- IPRI held an interactive session ‘Economy, Governance, and Security, on 75 years of Pakistan’s Journey’.
- Speakers said that Pakistan’s manufacturing base was eroded due to a lack of cohesive policies.
- Population explosion has hurt the country as it has plunged the country into low per capita growth rates.
ISLAMABAD: The Islamabad Policy Research Institute (IPRI) held an interactive session ‘Economy, Governance, and Security, on 75 years of Pakistan’s Journey,’ a statement said.
During the session, most of the thrust was on the economy, as the considerate opinion was that until and unless local talent and resources are lifted to usher in a new social contract, nothing much will change for good.
Former National Security Adviser and IPRI Patron-in-Chief Dr Moeed Yusuf said that the youth must stand up and their talent should be recognised for a new, prosperous and better Pakistan.
The speakers said that Pakistan’s manufacturing base, which was its pride in the initial years, was eroded due to a lack of cohesive policies. As a result, the country fell back on exports, and many of its industries that were its pride withered away.
Likewise, the biggest problem the country is facing is the current account deficit, which has encroached on the economy owing to our expansive and unreal lifestyle, as well as over-valuing of currency.
Focus was also laid on the commercialisation of education and how it has eaten into the vitals. Similarly, population explosion has hurt the country as it has plunged the country into low per capita growth rates.
The speakers observed that the best way to bounce back was to increase productivity.
All Pakistan Textile Mills Association (Aptma) General Secretary Shahid Sattar said that even if the country produces half of what East Punjab harvests in Punjab, it will add Rs3 trillion to the economy. He went on to add that there is no substitute to growth and exports, and this is where synergies should be addressed.
The participants also highlighted the issue of energy consumption and its uneven distribution and observed that only 23 per cent of gas goes into the production sector, whereas the rest is consumed in non-productive arenas while in other developing countries this ratio is more than 60 per cent.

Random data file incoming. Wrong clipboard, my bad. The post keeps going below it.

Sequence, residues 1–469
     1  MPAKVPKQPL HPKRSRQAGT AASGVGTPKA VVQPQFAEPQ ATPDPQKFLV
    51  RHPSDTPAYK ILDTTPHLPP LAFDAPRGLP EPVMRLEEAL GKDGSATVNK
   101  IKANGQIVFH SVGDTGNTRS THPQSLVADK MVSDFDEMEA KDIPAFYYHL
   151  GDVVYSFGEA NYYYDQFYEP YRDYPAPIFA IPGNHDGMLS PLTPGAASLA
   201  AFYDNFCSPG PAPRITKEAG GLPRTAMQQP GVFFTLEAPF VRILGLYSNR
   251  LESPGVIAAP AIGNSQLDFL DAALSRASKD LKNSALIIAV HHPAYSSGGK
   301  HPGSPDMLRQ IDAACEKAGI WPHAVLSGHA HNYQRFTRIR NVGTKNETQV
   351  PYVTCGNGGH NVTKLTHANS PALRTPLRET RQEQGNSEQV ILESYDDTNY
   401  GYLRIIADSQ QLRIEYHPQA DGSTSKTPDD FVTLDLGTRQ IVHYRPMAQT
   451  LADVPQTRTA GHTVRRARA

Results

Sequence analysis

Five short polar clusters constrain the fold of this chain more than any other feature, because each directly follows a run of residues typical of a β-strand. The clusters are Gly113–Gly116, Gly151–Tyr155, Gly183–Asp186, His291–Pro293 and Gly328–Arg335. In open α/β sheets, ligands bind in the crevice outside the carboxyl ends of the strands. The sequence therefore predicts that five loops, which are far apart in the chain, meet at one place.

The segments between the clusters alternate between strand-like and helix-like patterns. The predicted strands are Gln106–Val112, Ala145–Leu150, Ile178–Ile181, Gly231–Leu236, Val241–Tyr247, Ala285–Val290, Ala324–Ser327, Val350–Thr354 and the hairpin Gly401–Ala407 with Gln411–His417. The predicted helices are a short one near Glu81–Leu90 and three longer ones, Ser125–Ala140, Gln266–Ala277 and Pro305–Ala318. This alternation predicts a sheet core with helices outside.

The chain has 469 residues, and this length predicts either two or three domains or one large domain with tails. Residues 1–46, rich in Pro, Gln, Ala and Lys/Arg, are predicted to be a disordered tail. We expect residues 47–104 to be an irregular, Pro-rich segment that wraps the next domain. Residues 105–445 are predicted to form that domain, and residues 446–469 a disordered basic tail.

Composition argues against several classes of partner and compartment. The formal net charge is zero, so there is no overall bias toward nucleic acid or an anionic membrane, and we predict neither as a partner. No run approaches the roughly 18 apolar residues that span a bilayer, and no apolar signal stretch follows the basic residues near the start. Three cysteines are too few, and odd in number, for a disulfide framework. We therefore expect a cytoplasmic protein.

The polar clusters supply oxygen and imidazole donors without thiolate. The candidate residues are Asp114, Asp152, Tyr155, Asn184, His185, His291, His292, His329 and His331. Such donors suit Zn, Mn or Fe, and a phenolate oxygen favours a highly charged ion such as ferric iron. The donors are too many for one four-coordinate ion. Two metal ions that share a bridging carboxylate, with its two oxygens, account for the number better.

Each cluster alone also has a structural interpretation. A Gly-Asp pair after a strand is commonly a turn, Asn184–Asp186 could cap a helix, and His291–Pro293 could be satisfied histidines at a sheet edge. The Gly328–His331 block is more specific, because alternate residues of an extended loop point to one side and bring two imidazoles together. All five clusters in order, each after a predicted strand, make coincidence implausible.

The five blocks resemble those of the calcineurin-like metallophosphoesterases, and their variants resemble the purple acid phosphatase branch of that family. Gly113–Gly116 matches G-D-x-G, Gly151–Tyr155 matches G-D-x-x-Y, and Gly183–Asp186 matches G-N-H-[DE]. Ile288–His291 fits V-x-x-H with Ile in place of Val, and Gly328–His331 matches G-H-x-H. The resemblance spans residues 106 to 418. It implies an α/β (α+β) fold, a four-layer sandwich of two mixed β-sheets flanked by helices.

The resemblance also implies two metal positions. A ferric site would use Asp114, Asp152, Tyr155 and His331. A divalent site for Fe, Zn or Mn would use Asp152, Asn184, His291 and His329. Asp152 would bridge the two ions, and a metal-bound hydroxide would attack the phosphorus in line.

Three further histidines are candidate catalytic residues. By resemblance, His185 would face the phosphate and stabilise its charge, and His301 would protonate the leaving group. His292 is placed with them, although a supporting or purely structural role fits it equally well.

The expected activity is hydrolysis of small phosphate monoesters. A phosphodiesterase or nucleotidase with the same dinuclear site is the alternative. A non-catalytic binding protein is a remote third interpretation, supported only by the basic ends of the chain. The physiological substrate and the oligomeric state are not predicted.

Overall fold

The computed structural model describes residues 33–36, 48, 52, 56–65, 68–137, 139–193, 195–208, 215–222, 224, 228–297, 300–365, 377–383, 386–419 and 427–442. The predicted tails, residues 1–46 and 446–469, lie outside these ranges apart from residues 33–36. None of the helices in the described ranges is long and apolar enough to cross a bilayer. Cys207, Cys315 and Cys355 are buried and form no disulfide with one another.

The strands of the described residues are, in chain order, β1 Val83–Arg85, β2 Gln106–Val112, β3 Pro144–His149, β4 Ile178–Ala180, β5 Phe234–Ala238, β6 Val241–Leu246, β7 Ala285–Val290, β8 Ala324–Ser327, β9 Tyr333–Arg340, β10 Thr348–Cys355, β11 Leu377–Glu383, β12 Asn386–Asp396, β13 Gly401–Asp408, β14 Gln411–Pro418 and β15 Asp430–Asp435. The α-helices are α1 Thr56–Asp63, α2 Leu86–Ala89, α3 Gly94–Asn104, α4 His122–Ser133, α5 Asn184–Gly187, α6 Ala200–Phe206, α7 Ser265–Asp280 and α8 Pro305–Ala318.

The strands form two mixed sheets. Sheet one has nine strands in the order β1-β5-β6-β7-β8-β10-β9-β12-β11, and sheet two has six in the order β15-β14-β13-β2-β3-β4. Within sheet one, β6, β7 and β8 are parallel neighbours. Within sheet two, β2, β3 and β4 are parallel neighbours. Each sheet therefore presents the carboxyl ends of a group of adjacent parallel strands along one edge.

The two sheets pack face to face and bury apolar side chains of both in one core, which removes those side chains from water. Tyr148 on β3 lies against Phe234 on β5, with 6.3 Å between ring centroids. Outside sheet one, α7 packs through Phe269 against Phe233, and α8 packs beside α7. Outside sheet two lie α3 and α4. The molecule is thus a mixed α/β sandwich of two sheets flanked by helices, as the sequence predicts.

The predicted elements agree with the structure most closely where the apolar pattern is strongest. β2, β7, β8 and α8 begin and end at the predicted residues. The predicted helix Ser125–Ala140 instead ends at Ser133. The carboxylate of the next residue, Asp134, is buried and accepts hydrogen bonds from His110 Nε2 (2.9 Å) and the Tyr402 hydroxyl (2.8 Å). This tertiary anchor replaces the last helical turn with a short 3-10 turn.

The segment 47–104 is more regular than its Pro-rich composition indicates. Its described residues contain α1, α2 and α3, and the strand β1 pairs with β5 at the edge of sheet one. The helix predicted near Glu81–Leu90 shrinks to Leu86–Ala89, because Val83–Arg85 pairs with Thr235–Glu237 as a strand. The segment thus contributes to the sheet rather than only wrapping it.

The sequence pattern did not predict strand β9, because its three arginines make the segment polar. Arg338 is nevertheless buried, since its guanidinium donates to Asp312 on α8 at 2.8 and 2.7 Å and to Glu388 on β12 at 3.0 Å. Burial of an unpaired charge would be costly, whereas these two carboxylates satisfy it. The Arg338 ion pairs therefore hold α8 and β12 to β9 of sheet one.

It was stressed that no government has taken any decision required for national interests and in public welfare, as they seem to be subdued at the hands of vested interests.
Ambassador Asif Durrani stressed for taking a pro-regional lookout to minimise the country’s dependence on its allies. Citing the example of Iran, he said that it has a 97 per cent literacy rate, and has one of the best primary healthcare systems.
Pakistan can go ahead with energy deal with Iran despite sanctions, if the country can finance the entire pipeline project on its own.
The consolidated outcome of the interactive dialogue was that Pakistan should reduce the size of the government, specialists must be introduced in policy-making circles, as well as engage with the international community by explaining the foreign policy projections of the country.
It was stressed to rewrite a new social contract, do away with the regime of licencing and regulations in an attempt to ease businesses and invest massively in the potential of youth.
The participants underscored that dialogue at all fora is a must, and political stability is indispensable for growth and prosperity.
Former National Security Adviser and IPRI Patron-in-Chief Dr Moeed Yusuf presided the session while All Pakistan Textile Mills Association (Aptma) General Secretary Shahid Sattar; Quaid-e-Azam University’s Dr Shabana Fayyaz; Centre for Aerospace and Strategic Studies (CASS) Director Dr Usman Chohan; Strategic Policy Planning Cell (SPPC) Policy Expert Dr Sadia Zahoor; Pakistan Institute of Development Economics’ (PIDE) Dr Abdul Jalil and Ambassador Asif Durrani attended the session.
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